Love him or hate him, you can´t ignore Paulie Malignaggi. The brash, cocky, fast talking Brooklynite has had almost as many comebacks as fellow New Yorker Frank Sinatra.
And like Old Blue Eyes, Malignaggi has certainly done things his way. Maybe he hasn’t been blessed with devastating devastating hitting power, and maybe he gets tagged more than he should, but he has a good chin, the heart of a lion and still remarkably slick boxing skills and hand-speed, especially for a 32 year old.
Those skills have made him a two-weight world champion and carried him to a 32-4 (7 KOs) record in a twelve year career, and this Saturday at the Barclay´s Center in his native Brooklyn he defends his WBA welterweight crown against possibly the most controversial figure in boxing today – Adrien ´´The Problem“ Broner (26-0, 22 KOs), the current WBC lightweight champion.
Malignaggi first grabbed the attention of the boxing public with his brave but losing effort against a peak Miguel Cotto back in 2006. Despite being floored and cut early on, Malignaggi, who with his bizarre hairdo and plucked eyebrows looked more like a hairdresser than a fighter back then, displayed his immense heart by not only lasting the distance against the relentless, big-punching Puerto Rican, but staying competitive throughout, ultimately losing a unanimous decision.
A year later Malignaggi was a world champion after scoring a controversial points win over Lovemore Ndou to take the IBF light welterweight belt.
He tasted defeat for a second time in 2008 when he took a brutal beating at the hands of Ricky Hatton and was stopped in 11 rounds. When he lost a decision to Juan Diaz in 2008 it looked like Malignaggi was on the slide. However he avenged the loss to Diaz, and landed a shot at WBA 140 lb champ Amir Khan, but found himself outclassed by the blazing fists of the Brit and was once again stopped in the 11th.
Malignaggi began doing colour commentary for HBO, and proved himself to be an excellent annalist. He also signed to promotional giants Golden Boy, and after a couple of comeback wins at welterweight, landed himself a surprise title shot at Vyacheslev Senchenko´s WBA welterweight title last April. In something of an upset, Malignaggi scored a ninth round TKO over the Ukrainian due to a badly cut eye. Malignaggi successfully defended his new title sixth months later, albeit controversially, winning a split decision over young Mexican star Pablo Cesar Cano.
Now Malignaggi takes on an opponent who appears to have the skill and power to not just take his title from him but possibly hand him another stoppage defeat – Adrien Broner.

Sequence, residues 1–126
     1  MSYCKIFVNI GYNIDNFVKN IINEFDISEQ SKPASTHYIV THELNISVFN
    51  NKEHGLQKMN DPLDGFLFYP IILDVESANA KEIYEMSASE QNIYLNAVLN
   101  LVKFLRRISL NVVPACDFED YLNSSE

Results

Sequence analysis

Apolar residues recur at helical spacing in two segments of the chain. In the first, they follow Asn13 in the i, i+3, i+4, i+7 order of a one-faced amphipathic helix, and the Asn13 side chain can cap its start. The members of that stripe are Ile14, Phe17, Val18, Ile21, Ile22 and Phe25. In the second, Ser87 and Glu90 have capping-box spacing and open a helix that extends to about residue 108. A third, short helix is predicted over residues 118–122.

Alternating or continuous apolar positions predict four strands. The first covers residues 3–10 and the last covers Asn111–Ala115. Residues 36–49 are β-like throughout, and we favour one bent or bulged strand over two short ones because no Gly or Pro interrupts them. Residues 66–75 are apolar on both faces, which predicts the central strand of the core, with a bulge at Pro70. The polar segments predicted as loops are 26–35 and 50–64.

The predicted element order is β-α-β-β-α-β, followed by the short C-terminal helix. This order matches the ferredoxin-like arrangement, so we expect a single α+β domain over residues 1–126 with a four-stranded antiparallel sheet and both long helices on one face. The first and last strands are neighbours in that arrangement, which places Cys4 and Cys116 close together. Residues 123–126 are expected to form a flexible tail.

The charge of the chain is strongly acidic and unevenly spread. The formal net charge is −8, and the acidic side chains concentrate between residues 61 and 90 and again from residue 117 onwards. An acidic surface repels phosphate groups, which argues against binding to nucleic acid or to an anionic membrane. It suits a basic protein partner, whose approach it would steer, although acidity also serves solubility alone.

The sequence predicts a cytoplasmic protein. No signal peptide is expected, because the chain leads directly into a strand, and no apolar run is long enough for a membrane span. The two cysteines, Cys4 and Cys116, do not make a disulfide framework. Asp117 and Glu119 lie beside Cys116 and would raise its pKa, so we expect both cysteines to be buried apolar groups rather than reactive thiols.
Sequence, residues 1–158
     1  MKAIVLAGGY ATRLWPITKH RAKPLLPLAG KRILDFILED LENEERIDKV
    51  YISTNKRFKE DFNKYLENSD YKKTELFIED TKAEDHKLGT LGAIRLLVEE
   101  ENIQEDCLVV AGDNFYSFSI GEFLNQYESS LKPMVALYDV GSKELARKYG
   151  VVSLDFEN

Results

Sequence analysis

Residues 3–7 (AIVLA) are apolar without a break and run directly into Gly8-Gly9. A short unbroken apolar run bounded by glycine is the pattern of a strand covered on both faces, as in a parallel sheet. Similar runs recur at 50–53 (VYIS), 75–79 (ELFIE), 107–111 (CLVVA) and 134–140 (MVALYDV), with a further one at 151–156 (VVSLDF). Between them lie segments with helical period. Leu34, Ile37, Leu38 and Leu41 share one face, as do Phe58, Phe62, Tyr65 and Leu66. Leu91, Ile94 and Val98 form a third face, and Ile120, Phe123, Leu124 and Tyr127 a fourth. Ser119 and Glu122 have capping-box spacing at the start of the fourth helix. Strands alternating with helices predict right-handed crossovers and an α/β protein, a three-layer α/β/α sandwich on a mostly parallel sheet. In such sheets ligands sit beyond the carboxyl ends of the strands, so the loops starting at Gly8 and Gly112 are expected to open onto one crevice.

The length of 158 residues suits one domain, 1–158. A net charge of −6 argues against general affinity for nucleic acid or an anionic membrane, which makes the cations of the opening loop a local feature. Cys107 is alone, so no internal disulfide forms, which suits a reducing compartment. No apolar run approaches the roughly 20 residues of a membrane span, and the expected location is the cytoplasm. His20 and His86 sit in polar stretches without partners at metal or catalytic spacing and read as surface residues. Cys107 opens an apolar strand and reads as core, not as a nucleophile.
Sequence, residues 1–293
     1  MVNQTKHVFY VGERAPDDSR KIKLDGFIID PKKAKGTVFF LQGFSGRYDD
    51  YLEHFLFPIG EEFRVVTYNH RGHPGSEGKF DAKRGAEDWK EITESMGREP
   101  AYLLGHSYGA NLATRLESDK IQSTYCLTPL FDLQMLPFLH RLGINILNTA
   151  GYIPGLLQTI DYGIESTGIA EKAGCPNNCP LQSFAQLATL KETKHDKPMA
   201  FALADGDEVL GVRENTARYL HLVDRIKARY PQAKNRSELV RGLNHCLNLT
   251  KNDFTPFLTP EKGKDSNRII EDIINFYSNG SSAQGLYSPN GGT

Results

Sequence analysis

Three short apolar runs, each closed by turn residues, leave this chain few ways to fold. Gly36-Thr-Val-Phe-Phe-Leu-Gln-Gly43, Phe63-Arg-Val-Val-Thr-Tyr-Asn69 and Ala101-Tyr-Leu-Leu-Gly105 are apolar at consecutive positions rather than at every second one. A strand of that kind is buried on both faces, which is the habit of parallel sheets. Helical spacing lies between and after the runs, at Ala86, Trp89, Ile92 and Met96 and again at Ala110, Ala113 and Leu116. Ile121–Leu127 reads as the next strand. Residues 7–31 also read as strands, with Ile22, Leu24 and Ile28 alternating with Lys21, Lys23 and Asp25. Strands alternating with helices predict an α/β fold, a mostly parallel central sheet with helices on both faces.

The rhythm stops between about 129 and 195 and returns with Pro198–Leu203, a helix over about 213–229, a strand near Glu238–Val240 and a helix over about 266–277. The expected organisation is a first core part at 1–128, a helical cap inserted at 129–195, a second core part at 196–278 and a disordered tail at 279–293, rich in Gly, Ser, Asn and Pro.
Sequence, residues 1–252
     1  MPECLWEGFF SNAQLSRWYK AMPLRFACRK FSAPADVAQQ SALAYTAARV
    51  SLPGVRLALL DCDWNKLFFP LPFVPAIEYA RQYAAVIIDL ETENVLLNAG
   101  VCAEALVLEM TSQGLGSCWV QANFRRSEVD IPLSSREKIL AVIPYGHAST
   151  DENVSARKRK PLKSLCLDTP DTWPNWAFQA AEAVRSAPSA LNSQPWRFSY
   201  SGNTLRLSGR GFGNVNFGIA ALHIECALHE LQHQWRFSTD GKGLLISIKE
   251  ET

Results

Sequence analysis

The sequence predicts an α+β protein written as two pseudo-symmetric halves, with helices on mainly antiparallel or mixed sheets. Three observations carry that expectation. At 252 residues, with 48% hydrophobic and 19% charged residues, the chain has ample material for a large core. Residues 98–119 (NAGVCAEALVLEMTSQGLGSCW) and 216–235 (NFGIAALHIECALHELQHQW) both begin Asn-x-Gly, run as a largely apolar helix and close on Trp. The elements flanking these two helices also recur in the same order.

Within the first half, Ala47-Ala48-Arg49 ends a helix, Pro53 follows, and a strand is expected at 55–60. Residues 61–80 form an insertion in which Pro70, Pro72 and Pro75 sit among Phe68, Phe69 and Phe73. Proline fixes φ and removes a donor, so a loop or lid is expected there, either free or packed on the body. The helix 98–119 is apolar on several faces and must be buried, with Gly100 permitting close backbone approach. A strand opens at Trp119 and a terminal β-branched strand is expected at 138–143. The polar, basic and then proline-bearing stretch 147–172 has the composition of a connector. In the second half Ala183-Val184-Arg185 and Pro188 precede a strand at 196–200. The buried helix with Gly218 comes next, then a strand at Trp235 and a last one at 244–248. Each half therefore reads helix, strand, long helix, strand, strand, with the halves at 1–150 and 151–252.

If one could take a degree called How To Sell A Fight The Floyd Mayweather Way, Broner would have passed with honours. Here is a fighter who has taken trash talking and crass behaviour to a whole new level, as anyone who has seen the on-line footage of his recent strip club antics can testify. The shame of it is, unlike Mayweather, who needs to ´´gangsta-up“ his out of the ring persona in order to generate interest in his fights, which in terms of action and drama, rank low on both, Broner by comparison – despite his supreme boxing skills – loves a punch-up, and always chases the KO – qualities that make him great to watch.
Unlike Mayweather, who appears positively allergic to taking any kind of punishment in the ring, Broner has no qualms about taking a shot to land his own, as witnessed in his recent title defence against Welshman Gavin Rees, a fifth round retirement win that saw him caught with an alarmingly high number of punches. Maybe Broner will think twice about fighting like that if the opponent is Lucas Matthysse, but he is unlikely to be overly concerned about what Paulie Malignaggi might be throwing in his direction.
Nevertheless it´s still a big ask for the 23 year old from Cincinnati to jump two weight classes from a division he has only just entered (Broner was defending his WBO super featherweight title as recently as July 2012), and against as seasoned an opponent as Malignaggi, but such is the talent of Broner, he will come in to the ring as the bookies favourite on Saturday night.
In a recent press conference between the two, Malgnaggi brought up a conversation he and Broner had had in the latter´s dressing room prior to his 2011 fight against Daniel Ponce De Leon, to date Broner´s toughest fight and one many believe he lost. Supposedly Broner stated that he feared going the distance in a long fight and wondered if he had the stamina to do so. ´´How do you do it?“ he asked Malignaggi. Broner barely got by Ponce De Leon and has not been the distance since.
If Malignaggi can keep away from Broner in the early rounds and use his boxing skills, this could become a very interesting fight. Against the relentless buzz-saw attack of Hatton, Malignaggi just could not keep him off, and against Khan he was up against someone who did everything that he does, just faster, harder and better.
Broner is neither a Hatton nor a Khan; he is basically a defensive counter-puncher that fights aggressively, if that makes sense. He can be explosive, as in his career-best performance – his first round blitzkrieg of Jason Litzau in 2011, turning defence into attack in seconds. But he was a much smaller man v Litzau, and the bulkier Broner has got in recent months, the less mobile he has become.
If Malignaggi is 100% up for this fight and if he doesn’t care about upsetting his paymasters (Broner is one of Golden Boy´s biggest stars) and if the fight is on the up-and-up, he can win a decision. If he goes into the ring just grateful for the pay-day, a la the majority of Floyd Mayweather´s recent opponents, Broner will bash out a points win or even force a late stoppage.
If I had to pick a winner, I´d pick the Magic Man to score a close but unanimous decision.
Dan Hunter is the editor of The Boxing Post and the author of the weight training and fitness ebook Urban Muscle